Education is universally recognised as a basic right and an essential element of personal and societal development, which implies bringing enlightenment and prosperity to society (Abdullah, 2020). As such, the role of schools in developing countries, including Pakistan, might be expected to shift from the transfer of factual knowledge to the holistic development (HD) of children, which is inclusive of social, moral and life skills (Lovat, 2011). For instance, the provision of authentic learning experiences in line with real-life exposure within schools could aid in students’ social adaptability. Such experiences contribute – in accordance with Amartya Sen’s concept – to the development of social capabilities among students. Sen (1993) pinpointed capability as a person’s ability to understand and act to his/her fullest by acquiring an alternative combination of being. To put it differently, social capabilities act as the opportunities that lead us to achieve the socially desired yet significant aspects of social life. However, the question of who should be held responsible for developing social capabilities is debatable.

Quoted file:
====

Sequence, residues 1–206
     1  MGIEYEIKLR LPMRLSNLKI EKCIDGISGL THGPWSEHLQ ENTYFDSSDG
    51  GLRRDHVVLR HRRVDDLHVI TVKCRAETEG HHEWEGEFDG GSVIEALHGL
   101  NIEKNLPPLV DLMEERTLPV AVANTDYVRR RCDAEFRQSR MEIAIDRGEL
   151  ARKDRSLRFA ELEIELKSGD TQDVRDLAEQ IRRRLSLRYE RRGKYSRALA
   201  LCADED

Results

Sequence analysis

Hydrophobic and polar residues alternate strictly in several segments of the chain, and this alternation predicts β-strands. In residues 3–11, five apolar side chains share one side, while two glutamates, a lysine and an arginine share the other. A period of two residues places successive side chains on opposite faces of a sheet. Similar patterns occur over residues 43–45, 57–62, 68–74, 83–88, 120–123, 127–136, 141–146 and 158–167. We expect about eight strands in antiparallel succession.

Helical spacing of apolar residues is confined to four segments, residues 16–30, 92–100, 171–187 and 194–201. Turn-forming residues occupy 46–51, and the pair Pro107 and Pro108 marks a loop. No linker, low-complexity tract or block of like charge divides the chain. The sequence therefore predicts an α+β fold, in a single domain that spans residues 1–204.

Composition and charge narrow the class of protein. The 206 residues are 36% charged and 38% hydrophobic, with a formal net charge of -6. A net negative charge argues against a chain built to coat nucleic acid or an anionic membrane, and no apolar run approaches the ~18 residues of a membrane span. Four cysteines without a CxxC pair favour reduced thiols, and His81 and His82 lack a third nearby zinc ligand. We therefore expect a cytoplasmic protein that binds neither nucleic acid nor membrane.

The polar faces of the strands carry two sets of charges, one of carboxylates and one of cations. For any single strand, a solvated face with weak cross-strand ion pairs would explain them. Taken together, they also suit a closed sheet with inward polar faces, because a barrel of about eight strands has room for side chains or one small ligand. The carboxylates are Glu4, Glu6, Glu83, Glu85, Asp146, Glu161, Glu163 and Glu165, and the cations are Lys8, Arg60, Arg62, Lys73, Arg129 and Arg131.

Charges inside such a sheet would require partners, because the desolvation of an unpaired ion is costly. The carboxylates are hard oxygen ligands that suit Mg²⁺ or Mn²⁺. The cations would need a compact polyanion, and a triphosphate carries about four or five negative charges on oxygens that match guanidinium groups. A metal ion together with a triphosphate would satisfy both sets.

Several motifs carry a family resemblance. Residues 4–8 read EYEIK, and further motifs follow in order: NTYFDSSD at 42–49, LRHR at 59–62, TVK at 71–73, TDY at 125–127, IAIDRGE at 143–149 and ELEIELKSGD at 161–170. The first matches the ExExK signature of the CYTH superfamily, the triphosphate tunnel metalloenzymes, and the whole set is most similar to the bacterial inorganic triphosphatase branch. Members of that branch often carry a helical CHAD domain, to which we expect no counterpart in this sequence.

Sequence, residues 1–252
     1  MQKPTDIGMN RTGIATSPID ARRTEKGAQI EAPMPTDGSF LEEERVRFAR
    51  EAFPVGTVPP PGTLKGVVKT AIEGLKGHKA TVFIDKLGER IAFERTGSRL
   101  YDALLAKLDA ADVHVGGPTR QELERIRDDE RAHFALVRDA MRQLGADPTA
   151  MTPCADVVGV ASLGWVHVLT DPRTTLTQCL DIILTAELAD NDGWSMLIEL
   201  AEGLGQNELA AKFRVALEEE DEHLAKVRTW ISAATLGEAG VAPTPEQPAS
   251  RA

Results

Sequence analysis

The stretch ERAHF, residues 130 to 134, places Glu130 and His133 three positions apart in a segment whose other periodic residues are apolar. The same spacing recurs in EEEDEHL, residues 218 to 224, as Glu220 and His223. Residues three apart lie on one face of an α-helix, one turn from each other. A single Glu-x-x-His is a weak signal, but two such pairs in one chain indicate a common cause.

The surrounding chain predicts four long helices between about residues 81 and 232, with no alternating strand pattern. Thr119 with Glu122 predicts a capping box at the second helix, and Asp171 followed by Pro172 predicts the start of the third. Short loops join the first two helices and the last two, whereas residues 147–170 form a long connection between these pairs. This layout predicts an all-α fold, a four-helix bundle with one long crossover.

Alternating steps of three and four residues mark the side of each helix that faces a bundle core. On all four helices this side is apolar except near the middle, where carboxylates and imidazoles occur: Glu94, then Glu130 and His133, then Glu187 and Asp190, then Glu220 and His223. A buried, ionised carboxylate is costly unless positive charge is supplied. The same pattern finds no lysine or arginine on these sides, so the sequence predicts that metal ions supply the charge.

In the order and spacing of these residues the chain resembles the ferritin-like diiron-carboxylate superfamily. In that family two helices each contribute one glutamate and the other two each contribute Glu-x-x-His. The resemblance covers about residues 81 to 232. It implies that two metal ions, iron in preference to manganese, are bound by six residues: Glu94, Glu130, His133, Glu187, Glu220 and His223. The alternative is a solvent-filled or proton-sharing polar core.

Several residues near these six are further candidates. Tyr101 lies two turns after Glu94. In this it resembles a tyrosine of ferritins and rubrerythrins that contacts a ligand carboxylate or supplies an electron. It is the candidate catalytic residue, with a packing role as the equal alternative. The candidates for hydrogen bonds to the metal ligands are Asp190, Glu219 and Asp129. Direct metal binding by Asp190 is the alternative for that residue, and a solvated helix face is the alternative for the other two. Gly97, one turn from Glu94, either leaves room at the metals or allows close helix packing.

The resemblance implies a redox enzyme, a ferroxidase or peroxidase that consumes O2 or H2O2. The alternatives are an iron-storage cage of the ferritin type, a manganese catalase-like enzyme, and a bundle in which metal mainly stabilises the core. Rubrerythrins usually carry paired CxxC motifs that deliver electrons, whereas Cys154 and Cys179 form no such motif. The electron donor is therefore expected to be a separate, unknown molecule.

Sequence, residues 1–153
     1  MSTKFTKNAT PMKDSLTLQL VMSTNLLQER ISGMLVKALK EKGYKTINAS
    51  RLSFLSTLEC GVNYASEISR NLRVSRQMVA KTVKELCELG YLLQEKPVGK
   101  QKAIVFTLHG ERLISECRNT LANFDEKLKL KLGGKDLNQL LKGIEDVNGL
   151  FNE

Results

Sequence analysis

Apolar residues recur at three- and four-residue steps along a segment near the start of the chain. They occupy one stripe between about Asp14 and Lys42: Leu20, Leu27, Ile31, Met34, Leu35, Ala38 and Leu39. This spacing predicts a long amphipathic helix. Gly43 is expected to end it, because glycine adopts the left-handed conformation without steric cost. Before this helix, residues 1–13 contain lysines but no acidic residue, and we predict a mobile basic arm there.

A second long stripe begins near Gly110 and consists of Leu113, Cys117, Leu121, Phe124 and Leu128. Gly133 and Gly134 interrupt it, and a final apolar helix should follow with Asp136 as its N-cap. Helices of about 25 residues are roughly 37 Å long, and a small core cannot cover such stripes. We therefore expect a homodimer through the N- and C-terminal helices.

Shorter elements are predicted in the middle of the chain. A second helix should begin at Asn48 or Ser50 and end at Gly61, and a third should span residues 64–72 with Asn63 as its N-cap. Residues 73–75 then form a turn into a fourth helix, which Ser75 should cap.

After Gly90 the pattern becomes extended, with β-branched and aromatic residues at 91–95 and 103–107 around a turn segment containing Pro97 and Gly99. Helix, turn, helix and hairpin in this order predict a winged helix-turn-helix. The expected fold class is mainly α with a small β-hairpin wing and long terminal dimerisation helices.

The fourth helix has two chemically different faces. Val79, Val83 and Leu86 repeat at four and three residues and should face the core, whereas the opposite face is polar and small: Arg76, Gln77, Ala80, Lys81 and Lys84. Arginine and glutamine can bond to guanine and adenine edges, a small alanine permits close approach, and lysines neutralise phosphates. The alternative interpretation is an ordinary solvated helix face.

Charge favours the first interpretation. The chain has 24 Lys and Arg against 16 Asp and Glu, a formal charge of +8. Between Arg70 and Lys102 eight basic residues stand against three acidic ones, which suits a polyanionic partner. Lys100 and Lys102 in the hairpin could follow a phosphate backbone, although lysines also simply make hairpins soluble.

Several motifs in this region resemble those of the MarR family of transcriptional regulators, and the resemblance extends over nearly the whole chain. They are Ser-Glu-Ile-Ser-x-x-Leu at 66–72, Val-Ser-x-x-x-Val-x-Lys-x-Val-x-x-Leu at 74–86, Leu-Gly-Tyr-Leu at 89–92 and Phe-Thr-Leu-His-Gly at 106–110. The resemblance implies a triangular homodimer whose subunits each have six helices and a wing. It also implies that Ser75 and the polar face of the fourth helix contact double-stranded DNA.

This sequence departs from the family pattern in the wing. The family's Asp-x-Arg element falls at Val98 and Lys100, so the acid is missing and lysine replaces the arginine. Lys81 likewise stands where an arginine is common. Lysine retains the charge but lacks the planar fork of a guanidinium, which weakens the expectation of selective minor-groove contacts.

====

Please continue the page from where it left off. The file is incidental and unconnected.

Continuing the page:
Accessibility of education is a basic and constitutional right. Most children attend school with the subconscious intention to acquire the essential knowledge, skills and attitudes to pursue a fulfilling life (Adler, 2015). Pakistan’s single national curriculum (2021) prescribes students’ HD with the integration of social aspects in content. However, many school structures prioritise test scores over HD (Aziz et al., 2014) with the result that school graduates often demonstrate academic proficiency but lack socio-emotional clarity (Aamer, 2009).
‘Many school structures prioritise test scores over holistic development with the result that school graduates often demonstrate academic proficiency but lack socio-emotional clarity.’